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Why G-20 Isn't a Sign That Yen Will Fall Further

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The yen continued its slide against the dollar on Monday after global finance ministers at the weekend avoided directly criticizing Japan for pursuing policies that have led to significant weakness in its currency. However, analysts warned against expecting a further drop in the yen.

The Group of 20 nations (G-20) meeting in Moscow gave a green light to markets to keep selling the yen, which has lost about 16 percent of its value against the dollar in the past three months, but currency strategists told CNBC that more downside for the yen was unlikely.

(Poll: Did G-20 Give Markets Green Light to Sell Yen?)

Now that Japan's new government has made its point about the need to reflate Japan's economy and end two decades of deflation, Tokyo is likely to tone down the talk of aggressive monetary easing that has weakened the yen, said Frank Lavin, CEO of Export Now, a company that helps companies break into Chinese markets.

"Privately, they (Japanese officials) probably got a lot of push back in Moscow," Lavin told CNBC Asia's "Squawk Box" on Monday. "I think what we'll see now is that Japan does ease off on the rhetoric, (Prime Minister Shinzo) Abe has made his point domestically. We've seen him ride this pony as far as it will go."

Abe said on Monday that while the Bank of Japan has promised an ultra-easy monetary policy until inflation reaches 2 percent, the central bank is also mandated to prevent prices from rising above that target.

(Read More: Did the G-20 Just Signal Further Global Easing?)

Abe came to power following elections in December and has made a concerted push to revive Japan's frail economy, urging the Bank of Japan to adopt a 2 percent inflation target, something the central bank did last month, and pursue aggressive monetary easing to end deflation.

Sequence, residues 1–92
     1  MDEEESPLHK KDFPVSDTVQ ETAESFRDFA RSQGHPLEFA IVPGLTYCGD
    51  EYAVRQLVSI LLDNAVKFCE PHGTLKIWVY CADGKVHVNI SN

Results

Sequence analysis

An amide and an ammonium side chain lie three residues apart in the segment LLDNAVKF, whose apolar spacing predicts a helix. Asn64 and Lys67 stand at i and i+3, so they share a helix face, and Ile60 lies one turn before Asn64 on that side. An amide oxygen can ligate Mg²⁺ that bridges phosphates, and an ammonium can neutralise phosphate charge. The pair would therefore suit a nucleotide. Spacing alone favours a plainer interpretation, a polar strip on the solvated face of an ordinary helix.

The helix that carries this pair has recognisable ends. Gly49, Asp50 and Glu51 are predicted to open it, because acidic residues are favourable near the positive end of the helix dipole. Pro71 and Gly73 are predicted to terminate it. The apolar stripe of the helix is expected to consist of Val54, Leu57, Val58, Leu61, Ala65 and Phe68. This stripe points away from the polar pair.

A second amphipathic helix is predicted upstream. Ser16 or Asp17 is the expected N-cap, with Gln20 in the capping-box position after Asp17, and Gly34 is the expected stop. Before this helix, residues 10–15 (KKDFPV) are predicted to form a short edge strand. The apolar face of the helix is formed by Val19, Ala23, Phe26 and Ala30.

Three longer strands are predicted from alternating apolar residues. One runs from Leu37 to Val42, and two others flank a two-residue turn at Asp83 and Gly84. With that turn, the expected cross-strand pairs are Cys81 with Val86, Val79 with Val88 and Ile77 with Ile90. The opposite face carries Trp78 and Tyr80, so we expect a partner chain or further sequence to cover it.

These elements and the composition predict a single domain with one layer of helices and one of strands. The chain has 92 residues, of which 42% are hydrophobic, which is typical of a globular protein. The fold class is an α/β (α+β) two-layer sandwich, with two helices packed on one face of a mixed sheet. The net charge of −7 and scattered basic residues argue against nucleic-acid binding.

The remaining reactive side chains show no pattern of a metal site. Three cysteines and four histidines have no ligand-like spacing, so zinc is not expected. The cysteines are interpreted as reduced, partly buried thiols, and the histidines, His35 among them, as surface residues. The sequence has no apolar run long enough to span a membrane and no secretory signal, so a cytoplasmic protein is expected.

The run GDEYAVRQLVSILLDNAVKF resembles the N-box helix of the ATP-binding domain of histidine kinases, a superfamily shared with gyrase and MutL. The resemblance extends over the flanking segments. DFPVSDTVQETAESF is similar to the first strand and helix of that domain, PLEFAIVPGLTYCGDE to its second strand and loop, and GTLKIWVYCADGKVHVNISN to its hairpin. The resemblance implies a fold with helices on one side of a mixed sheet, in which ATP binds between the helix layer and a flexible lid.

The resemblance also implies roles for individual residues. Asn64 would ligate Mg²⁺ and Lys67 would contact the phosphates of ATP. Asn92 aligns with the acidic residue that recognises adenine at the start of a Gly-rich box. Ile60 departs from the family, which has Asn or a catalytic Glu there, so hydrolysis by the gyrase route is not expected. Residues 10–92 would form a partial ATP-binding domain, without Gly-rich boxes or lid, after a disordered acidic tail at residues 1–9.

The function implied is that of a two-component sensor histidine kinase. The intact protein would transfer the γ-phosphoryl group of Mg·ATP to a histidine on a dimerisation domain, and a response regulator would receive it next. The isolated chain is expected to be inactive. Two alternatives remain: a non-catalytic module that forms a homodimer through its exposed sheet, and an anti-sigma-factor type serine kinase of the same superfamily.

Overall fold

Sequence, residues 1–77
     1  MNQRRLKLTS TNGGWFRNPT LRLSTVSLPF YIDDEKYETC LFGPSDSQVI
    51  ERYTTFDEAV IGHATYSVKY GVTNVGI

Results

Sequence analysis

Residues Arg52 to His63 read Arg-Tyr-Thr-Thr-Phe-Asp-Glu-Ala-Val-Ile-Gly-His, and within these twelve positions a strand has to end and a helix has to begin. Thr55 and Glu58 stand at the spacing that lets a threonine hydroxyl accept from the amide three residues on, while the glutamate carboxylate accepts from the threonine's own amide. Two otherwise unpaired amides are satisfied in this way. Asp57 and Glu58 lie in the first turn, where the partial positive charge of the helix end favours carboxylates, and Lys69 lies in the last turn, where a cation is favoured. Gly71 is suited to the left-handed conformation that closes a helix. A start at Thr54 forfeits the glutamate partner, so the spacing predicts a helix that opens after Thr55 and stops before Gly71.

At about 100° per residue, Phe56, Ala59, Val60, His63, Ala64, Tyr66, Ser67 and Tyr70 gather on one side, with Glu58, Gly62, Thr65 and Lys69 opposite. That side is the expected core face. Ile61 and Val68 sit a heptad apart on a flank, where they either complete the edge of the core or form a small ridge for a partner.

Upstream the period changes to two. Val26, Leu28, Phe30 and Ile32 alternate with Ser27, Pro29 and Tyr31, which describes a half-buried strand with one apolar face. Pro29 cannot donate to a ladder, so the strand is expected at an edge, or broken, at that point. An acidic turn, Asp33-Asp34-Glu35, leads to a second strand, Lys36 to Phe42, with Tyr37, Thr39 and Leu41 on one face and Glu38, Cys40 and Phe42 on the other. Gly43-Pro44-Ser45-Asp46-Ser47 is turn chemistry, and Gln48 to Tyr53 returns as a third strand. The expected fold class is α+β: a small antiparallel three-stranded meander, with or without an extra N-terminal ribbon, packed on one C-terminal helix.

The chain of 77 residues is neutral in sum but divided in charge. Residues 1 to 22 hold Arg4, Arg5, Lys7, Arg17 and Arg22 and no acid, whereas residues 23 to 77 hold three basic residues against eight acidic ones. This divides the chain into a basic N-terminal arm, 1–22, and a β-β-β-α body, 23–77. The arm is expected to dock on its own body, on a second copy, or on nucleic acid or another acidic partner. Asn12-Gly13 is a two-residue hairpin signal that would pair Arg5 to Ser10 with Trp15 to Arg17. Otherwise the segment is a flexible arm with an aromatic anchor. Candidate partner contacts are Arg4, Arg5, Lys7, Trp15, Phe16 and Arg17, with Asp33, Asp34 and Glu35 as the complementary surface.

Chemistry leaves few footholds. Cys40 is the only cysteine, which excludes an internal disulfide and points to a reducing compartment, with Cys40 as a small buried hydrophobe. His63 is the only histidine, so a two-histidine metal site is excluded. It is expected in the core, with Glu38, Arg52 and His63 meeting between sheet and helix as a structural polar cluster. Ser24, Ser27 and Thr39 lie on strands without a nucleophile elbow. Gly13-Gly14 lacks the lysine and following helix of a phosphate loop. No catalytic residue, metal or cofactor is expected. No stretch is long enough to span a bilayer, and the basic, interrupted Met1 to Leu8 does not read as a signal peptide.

It's the expectations of aggressive central bank action that have knocked the yen lower, giving Japan's exporters an edge in overseas markets and sparking cries of foul play from Japan's competitors.

The yen weakened on Monday to about 94.20 per dollar, within sight of last week's low around 94.40, which was the weakest level since May 2010.

"Broadly speaking we've had an appropriate adjustment in the yen to a sea-change in Japanese policy," said Ric Spooner, chief market analyst at CMC Markets in Sydney. "So herein markets will be more focused on how the policies in Japan will be implemented and when."

Ray Attrill, co-head of forex strategy at National Australia Bank, said that with markets now pricing in aggressive policy action from Japan, further moves lower in the yen would be slow rather than rapid.

He expected the yen to weaken to 100 per dollar in 2014 rather than this year as some analysts have forecast.

Correction Due?

Stephen Nash, director of strategy at FIIG Securities in Sydney, expected a pull-back in the yen and Japanese stocks, which rose more than 2 percent on Monday.

"It is good to see some strong policy action and discussion in Japan, which has been struggling with deflation for some time. But I think investors really need to be on their toes now, we've had significant rallies in the Nikkei, a significant move in the yen and the question is where is the growth?," he told CNBC.

(Read More: Japan Finance Minister Relieved G-20 Heat Is Off)

"We're not seeing much (growth now), we will see it at some point, but to some extent markets have jumped the gun and we should see some correction," he added, declining to give forecasts for the yen and Japanese shares.

The benchmark Nikkei stock index has climbed 27 percent in the last three months. In comparison, the S&P 500, which has enjoyed a rally of its own, has gained about 12 percent, while European stocks are up about 8 percent.

The Nikkei on Monday was close to touching its 33-month peak at around 11,498 struck earlier this month.

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